Fukuoka, Japan – January 5, 2013, Part One

The sunlight, and the fact that it was so warm that I didn’t need to zip up my jacket, put me in a remarkably good mood. I took the train to what the tourist handbook advertised as the largest underground recreation of a 14th century European street in Asia. Which presumably means there’s more than one?
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It was basically a big hallway with brown metal latticework on the ceiling. But I liked this connecting hallway:
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Fukuoka is a port city, so there were rivers to cross. They were decorated with iron lamps and brick walkways, giving them a European feel:
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I was trying to get a sense of how quiet the city is, but the highlight of this video is the cosplay woman – or was she just dressed up? The fashions in Japan were crazy for both men and women – not for everyone, but the costumed ones really stood out.

Nearby there was a long, sedate tourist market:
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But I preferred walking outside better:
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Cats were everywhere! These were patient enough to let me take a few pictures before dispersing.

Street posters

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I think that’s a heavily photoshopped photo.
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On the wall of a small pachinko parlour.

I visited one of the many shrines, still very much in use by the locals:

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A detail from a 30-foot high statue-totem.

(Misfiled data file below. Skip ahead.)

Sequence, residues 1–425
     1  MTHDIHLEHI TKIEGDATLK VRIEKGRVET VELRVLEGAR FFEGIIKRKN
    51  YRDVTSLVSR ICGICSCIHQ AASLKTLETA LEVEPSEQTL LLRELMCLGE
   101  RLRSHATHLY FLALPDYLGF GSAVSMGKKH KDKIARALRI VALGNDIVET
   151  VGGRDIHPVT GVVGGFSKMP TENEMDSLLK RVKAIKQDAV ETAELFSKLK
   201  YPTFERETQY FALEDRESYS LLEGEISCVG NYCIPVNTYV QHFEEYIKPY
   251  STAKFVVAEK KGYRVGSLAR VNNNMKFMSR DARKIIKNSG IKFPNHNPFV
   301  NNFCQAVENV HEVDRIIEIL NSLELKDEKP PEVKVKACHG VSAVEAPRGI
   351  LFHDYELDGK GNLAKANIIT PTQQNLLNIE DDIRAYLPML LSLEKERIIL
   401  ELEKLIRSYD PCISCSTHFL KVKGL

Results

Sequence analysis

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An approach to a spot to pray. These lowered slightly as you walked – possibly I’m the only one who noticed due to my height, but that gave them a powerful, oppressive quality, despite their bright colouring.

And, nearby, a rather offensive appropriation of a black power slogan:
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Some contrasts

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Pepito, the biggest cat in the whole wide world, by day:
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By night:
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Pepito was across the river from the red-light district, full of host clubs. I picked up a host magazine and will blog about it separately. But for now, who’s your favourite? I like Kouichi for his waterfall-hair:
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Opposite, the most unexpected anti-capitalist graffiti I could imagine:
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Particularly since Fukuoka felt nothing like Babylon.

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They’re everywhere and more serious here. They feature a wide selection of ready meals, interesting candy and rows of magazines. Of a weekend-night, men can be found reading them, standing evenly spaced by the window.

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